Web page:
Wondering about HIPAA and Emailing your Patients?
Get some of the basics below
Need more advanced help? Check with the Experts HERE
From HHS.GOV:Does the HIPAA Privacy Rule permit health care providers to use e-mail to discuss health issues and treatment with their patients?
Yes. The Privacy Rule allows covered health care providers to communicate electronically, such as through e-mail, with their patients, provided they apply reasonable safeguards when doing so. See 45 C.F.R. § 164.530(c). For example, certain precautions may need to be taken when using e-mail to avoid unintentional disclosures, such as checking the e-mail address for accuracy before sending, or sending an e-mail alert to the patient for address confirmation prior to sending the message. Further, while the Privacy Rule does not prohibit the use of unencrypted e-mail for treatment-related communications between health care providers and patients, other safeguards should be applied to reasonably protect privacy, such as limiting the amount or type of information disclosed through the unencrypted e-mail. In addition, covered entities will want to ensure that any transmission of electronic protected health information is in compliance with the HIPAA Security Rule requirements at 45 C.F.R. Part 164, Subpart C.
From Bridge Patient Portal:The Encryption Issue: Do I need to send encrypted emails to my patients?
The word “encryption” is used frequently when discussing ePHI. Any covered entity should be communicating ePHI internally using encryption technology, which usually doesn’t present a problem because intra-organizational communication is quite easy to keep secure. However, if you want to use encrypted emails when communicating with a patient, things get a little bit more complicated.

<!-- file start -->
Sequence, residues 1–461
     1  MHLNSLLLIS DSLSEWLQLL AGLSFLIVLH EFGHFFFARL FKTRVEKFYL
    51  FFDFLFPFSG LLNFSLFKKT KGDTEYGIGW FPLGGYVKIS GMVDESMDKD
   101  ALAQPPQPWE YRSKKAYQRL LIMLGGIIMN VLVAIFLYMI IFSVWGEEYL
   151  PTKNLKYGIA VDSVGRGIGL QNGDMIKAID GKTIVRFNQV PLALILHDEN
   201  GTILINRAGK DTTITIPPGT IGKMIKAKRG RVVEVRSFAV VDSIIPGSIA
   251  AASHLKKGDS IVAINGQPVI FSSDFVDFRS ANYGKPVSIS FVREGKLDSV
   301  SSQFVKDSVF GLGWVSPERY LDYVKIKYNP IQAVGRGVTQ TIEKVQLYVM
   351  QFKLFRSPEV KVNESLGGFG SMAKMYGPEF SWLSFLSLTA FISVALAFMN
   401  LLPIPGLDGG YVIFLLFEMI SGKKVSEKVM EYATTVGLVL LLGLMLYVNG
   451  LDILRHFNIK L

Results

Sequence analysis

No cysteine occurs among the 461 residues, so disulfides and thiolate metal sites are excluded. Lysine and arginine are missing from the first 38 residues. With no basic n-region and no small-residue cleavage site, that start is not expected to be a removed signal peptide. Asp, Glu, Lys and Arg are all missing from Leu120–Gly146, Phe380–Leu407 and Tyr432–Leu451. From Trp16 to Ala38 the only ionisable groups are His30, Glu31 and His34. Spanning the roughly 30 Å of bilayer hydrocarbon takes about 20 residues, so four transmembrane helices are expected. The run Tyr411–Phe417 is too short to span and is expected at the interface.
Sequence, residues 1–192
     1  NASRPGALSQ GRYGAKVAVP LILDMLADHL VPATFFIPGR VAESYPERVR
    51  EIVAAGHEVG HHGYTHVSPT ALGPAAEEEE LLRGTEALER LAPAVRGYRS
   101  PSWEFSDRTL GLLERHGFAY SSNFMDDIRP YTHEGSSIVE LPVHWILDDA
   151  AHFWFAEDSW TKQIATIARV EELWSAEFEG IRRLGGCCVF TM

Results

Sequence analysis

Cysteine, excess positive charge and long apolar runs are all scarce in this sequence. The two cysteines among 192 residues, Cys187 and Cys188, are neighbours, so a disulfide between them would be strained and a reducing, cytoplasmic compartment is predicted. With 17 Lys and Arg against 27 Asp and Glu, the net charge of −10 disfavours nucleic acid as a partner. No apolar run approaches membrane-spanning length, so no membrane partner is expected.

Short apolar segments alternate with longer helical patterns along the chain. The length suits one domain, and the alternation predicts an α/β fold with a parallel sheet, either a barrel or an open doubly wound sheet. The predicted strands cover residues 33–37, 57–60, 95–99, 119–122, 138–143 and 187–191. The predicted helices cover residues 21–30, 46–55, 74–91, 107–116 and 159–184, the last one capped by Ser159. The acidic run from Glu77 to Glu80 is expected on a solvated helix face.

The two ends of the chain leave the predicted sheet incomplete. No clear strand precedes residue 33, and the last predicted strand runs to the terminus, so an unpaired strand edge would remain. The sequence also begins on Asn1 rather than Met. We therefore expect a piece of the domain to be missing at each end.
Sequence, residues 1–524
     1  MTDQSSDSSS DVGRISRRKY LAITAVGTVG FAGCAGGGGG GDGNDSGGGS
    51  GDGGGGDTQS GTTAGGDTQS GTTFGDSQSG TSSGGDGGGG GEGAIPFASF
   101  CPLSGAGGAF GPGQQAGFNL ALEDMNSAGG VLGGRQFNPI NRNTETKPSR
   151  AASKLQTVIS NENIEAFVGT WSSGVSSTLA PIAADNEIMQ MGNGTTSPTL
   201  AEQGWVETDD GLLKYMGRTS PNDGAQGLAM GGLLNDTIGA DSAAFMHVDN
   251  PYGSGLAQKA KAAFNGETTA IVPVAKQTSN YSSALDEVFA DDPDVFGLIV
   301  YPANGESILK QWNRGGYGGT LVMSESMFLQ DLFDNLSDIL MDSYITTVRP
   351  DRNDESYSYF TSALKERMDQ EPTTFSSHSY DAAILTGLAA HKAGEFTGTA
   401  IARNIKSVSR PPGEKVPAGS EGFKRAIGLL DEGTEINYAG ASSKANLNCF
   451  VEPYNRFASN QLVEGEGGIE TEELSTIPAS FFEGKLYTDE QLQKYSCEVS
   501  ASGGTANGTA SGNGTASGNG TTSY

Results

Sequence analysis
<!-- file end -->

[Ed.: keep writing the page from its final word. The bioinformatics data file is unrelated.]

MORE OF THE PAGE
While a covered entity can encrypt its end of the email transport, it’s difficult to ensure the security of the email once it leaves the organization’s server. In order to have completely encrypted email communication, the patient would need to download or install some sort of program to view encrypted emails. The Privacy Rule recognizes this, however, and grants individuals access to ePHI in the format that they wish, i.e. unencrypted email.
The bottom line is that the patient must request to receive unencrypted emails and be made aware of the risk. See section 45 CFR 164.52 for more details on a patient’s right to access PHI.
From Adelia Risk: How does Gmail measure up?
In case you don’t know, Gmail is a service used for email by hundreds of millions of people worldwide. Many small businesses use it for email because it’s inexpensive, convenient, and offers some very nice security features. While most people feel secure sending and receiving personal and confidential information via their Gmail accounts, let’s see how Gmail does against our three criteria:
- Strong Security: Google arguably has some of the best security available in a hosted web service. Companies that take advantage of Google’s free two factor authentication have strong assurance that their email accounts aren’t hacked, plus Google offers some nice user logging and other security features that are much stronger than many competitors. Also, third party services (reviewed in another article) are available to add secure email and outbound email scanning which really make Gmail’s security top notch.
- Consent: Since this is something that you’ll need to manage in your own office, this has no bearing on which email provider you choose.
- Business Associate Agreement: As of September 2013, Google has stepped up and will agree to sign a Business Associates Agreement stating that they will “implement physical, technical and administrative safeguards” to hold the information secure. The company states publicly that Gmail is already HIPAA compliant in its security and privacy practices.
So is Gmail HIPAA Compliant?
As of September 2013, the answer is that, yes, Gmail can be used as part of a HIPAA-compliant organization!
However, only the paid version provides the features you need.